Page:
It's like family, only weirder…

Federal Bureau of Inefficiency

A romantic notion in the recesses of my mind really loves the F.B.I., C.I.A., and the like. I like spy novels. I like James Bond. I like super heroes fighting super villans. However, the real world of federal investigative services is far different than the portrayal delivered through metaphor and myth.

I read today in the Washington Post “The F.B.I.’s Upgrade that Wasn’t.” A most unsettling account of the trials and tribulations of Trilogy and its critical component, Virtual Case File (VCF). The idea was to bring Roosevelt’s dream into the 21st century. Currently, the F.B.I. is still passing paper within the orgnization and doing an inefficent job at knowledge sharing. To share a photograph between offices, no secure vehicle exists to pass this data securely (in the organization’s eyes). As a result, a photo can be passed via fax or interoffice delivery. Highly ineffective in today’s modern culture. Now I realize that this must be one of the more embarrassing events in late F.B.I. history, but I just can’t help but to make a dig at this misues of technology by our government. Afterall, it was in part my tax dollars that helped to fund $170 million worth of failure. In the end, they asked independant auditors to review the progress of VCF. In summary, consultants remarked that VCF was a total loss. The F.B.I. had planed on implementing the system with little testing and no back-out plan. The independant consultants advised heavily against this plan and said that a failure in the system, which was inevitable, would result in the bungling of case work.

‘”That was a little bit horrifying,” said Matt Blaze, a professor of computer science at the University of Pennsylvania and a member of the review team. “A bunch of us were planning on committing a crime spree the day they switched over. If the new system didn’t work, it would have just put the FBI out of business.”‘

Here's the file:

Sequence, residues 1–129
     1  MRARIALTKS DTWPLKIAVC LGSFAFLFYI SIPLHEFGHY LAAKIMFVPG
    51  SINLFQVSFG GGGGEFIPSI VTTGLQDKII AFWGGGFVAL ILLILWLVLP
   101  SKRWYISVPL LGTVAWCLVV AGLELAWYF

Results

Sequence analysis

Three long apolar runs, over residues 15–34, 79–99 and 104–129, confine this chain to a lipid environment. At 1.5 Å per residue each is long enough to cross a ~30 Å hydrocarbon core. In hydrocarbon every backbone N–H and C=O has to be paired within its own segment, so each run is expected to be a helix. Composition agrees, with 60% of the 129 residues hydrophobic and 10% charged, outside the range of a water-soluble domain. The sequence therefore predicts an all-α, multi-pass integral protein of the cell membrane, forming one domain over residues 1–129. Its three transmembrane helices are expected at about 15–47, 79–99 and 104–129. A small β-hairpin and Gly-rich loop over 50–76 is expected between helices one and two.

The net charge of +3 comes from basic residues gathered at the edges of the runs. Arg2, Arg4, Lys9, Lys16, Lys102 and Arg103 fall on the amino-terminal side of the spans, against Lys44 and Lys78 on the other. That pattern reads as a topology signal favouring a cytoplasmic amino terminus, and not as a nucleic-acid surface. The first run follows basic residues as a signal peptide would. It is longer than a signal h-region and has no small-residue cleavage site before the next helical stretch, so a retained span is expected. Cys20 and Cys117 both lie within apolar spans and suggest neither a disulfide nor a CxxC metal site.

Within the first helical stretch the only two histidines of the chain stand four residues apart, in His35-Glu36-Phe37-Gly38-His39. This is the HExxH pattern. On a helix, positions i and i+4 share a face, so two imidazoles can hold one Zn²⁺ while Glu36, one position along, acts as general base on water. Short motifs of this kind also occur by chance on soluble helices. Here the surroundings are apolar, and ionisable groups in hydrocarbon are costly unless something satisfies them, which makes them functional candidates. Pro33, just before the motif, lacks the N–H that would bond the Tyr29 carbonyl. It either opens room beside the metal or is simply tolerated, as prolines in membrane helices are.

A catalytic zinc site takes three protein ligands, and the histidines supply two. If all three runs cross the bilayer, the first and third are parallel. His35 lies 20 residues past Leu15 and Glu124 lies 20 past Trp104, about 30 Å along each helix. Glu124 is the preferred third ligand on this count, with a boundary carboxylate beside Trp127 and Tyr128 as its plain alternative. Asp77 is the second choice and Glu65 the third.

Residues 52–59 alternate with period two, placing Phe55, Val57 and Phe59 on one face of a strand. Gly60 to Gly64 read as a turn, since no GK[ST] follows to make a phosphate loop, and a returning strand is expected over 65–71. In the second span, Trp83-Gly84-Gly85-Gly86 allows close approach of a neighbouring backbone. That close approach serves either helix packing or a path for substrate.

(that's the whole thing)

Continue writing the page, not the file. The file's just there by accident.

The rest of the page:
Zalmai Azmi, chief technology officer, reported in the end that VCF was a total loss. Unfortunatley for the F.B.I. (and the tax payers), major costs had already been incurred despite the multiple opportunities to cut losses earlier in the projects doomed life. Today, the F.B.I.’s case file handling is still handled the same way it was in the late 70’s and 80’s; paper and filing cabinents. Sharing data is highly ineffectual, but it’s performant in so much as it actually works – which is something VCF could not do. All is not lost if they’ve learned something from this egregious mistake. They’re certainly not using the same technology group, SAIC, for their development work. I’d be very surprised if they didn’t go after them for recovered costs or damages. They’re spending a hellaload more money to solve their development issues before, though I suspect that will do little to solve anything.

Last year, FBI officials announced a replacement for VCF, named Sentinel, that is projected to cost $425 million and will not be fully operational until 2009.

I mean, holy crap!!! You drop the ball on a huge project and lose $170 million. Then they give you $255 million more to try again?!? Now I see why there’s so much tax fraud and political polarity around government spending.

I’m still working out ideas to bring law enforcement and investigative services to the private sector. There’s no money in civil services as an employee, yet it’s in all of our best interest. I think RoboCop was the key, really.


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